The Evolutionary Void by Peter F. Hamilton was the final volume in a multi-volume science fiction saga that I listened to as an audiobook. If you like very long and complicated plots stretched across the galaxy, this is a great series. You can find by review here. Start with his earlier book, Pandora’s Star.

Uprooted by Naomi Novik was an amazing surprise of a story inspired by the fairy tales of eastern Europe. This is a stand-alone fantasy novel that I listened to as an audiobook. While I had a little trouble adjusting to the narrator’s accent, it ended up fitting the book perfectly. This may have been my absolute favorite for the year. It looks like there is a chance that it will be adapted into a movie as well. You can find my review here.

All the Birds in the Sky by Charlie Jane Anders was another surprise audiobook pick for me that I chose as part of an Audible sale. I had heard the author speak at New York Comic Con in 2018 and had been interested in her work. This stand-alone novel relates the story of a witch and a mad scientist as they work to save the world. You can find my review here.

Red Seas Under Red Skies is the second book in the Gentleman Bastards series by Scott Lynch. I also read the sequel, but I enjoyed the plot better in this one, with plenty of swords and female pirates. If you want to start this series, pick up The Lies of Locke Lamora.

The Immortal Life of Henrietta Lacks by Rebecca Skloot was one of the non-fiction books that I read in 2019 and was a great choice. This book relates the author’s efforts to discover more about Henrietta Lacks, an African-American woman who unknowingly contributed her cervical cancer cells to science, leading to numerous discoveries in biology and medicine. While the book does discuss the scientific side of the subject, its main focus is upon Henrietta the person and her life and family. I haven’t written up my review on this one yet.

I became aware of The Life-Changing Magic of Tidying Up by Marie Kondo sometime after the Netflix series inspired by the book spurred articles criticizing the approach in regards to discarding books. Given that I am not the best housekeeper, I thought I’d take a look at this one. I’m glad I did, as her approach to organization has helped me learn to make better choices about what to keep and what to give up (yes, even books). It’s part of the reason why I can sit at a clean (well, half-way) desk and get more writing done now. I have a long ways to go in the process, but I fell better about getting my messes under control. You can read my full review here.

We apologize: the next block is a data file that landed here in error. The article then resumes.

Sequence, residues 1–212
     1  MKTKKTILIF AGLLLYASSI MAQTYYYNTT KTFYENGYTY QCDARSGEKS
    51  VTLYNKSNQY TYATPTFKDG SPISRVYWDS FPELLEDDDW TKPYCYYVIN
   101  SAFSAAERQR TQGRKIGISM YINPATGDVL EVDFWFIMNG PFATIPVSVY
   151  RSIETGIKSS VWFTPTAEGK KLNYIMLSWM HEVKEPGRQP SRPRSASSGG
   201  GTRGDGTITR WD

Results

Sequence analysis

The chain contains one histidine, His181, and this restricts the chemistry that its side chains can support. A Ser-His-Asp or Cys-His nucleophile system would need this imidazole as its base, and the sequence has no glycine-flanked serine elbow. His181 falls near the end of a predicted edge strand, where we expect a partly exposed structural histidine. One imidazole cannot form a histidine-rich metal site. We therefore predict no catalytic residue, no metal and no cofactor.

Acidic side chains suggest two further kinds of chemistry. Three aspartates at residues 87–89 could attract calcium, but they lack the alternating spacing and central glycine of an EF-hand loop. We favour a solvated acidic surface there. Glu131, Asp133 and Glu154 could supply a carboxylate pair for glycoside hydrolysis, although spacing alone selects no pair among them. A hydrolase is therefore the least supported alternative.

To Kill a Mockingbird by Harper Lee was one of two classics that I was determined to read in 2019. I hadn’t been aware of what this book was about and just delved right in. I listened to the audiobook version of this one, narrated by Sissy Spacek. While I was confused at first, once the main plot expanded past the daily life of the children, I quickly realized that this book was about racism and prejudice. I plan to put more of my thoughts into a review soon.

The Testaments by Margaret Atwood is the sequel to The Handmaid’s Tale and was published thirty-five years after that first look at her frightening dystopian future. I found The Testaments to be a more enjoyable read than the first book, mainly because it was a bit more hopeful. The scope of the story is greater, with the narration split between three characters rather than just Offred from the first book. If you’re unfamiliar with these novels, The Handmaid’s Tale has been on sale for no free lately.

Flowers for Algernon by Daniel Keyes was my second pick for a classic book to read in 2019. I lucked out this year in choosing classics that I actually liked, which is not always the case. This novel tells about Charlie Gordon, a mentally disabled man who receives a treatment to make him smarter. But this change comes with unanticipated consequences and the ending of this book is heartbreaking.

So I guess that The Giver by Lois Lowry is also considered a classic now, so that’s three for me for the year. This was a quick read that I picked up with no real idea of what it was about. I think I read it in a day and a half, and with the upsurge in dystopian fiction, this book isn’t as shocking as it may have been when first published. However, the story was well-done and I liked how it challenged the superficial utopia of the society in the book.

Anyone by Charles Soule was a pick that I obtained from Net Galley and I had never read anything by this author before. I just reviewed it here. This book was exciting and easy to read, despite the complicated implications of being able to slot your consciousness into another person’s body. I need to read more of this type of action-science fiction because I really like it.

That’s it, my favorites for the year! I’m planning to catch up on my reviews for some of these in the next few months. For now, I’m going to plan my 2020 reading and look at my most anticipated reads ahead.

Find all of my reviews here.